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Ontario to announce plan for HOT HOV lanes

High-occupancy toll will be available on existing HOVs and expanded highways


TORONTO — The Ontario Liberal government will announce the details of its plan to introduce high-occupancy toll (HOT) lanes on Dec. 7.

The so-called HOT lanes would allow motorists without passengers to pay to use High-Occupancy-Vehicle (HOV) lanes, which were designed to encourage carpooling.

The lanes were originally proposed as a way to raise money for infrastructure in Dalton McGuinty’s 2013 budget.

The Liberals announced last month that they planned to create HOT lanes only where there are existing HOV lanes, which are free for any driver with at least one passenger.

Transportation Minister Steven Del Duca added that HOV and HOT lanes could also be created on any new or expanded highways, like the stretch of Highway 401 near Cambridge, Ont., that the government is expanding.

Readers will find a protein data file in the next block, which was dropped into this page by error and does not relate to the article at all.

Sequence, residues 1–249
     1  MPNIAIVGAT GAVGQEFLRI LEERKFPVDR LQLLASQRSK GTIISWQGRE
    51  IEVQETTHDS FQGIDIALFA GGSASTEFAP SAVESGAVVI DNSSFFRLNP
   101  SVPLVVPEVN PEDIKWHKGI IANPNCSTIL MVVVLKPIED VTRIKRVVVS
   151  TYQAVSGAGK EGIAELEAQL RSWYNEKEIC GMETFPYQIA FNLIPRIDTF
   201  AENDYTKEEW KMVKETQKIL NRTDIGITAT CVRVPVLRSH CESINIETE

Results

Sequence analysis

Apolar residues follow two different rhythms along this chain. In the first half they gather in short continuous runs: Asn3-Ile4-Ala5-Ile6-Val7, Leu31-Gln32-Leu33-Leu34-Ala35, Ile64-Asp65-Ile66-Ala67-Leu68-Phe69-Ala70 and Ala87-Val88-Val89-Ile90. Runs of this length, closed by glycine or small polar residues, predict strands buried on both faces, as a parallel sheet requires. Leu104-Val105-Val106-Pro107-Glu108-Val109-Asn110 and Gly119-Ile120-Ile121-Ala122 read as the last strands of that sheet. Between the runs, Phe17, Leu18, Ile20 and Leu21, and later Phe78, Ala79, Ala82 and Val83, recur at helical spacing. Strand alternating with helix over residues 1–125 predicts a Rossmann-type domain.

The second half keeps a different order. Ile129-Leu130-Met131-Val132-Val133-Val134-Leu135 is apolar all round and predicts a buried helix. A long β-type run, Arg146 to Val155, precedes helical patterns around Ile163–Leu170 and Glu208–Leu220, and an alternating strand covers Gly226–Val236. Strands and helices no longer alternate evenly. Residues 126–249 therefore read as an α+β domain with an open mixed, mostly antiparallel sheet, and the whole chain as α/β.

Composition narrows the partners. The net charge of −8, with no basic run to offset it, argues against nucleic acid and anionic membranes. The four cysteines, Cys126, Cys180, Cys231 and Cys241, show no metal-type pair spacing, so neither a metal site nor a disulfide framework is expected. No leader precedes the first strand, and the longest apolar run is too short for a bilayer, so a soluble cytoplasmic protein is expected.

His November announcement coincided with a report by Canada’s Ecofiscal Commission, a coalition of economists, which endorsed the idea of toll roads and “congestion fees” to help cities and provinces deal with traffic problems.

But when Del Duca made the announcement, he received criticism from both Progressive Conservatives and New Democrats, who said Ontarians don’t want their roads taxed.
NDP leader Andrea Horwath went as far as to brand the roads with the name of a high-end carmaker.

“The Lexus lanes are not something I think is the right way to go,” she said in November.

© 2015 The Canadian Press

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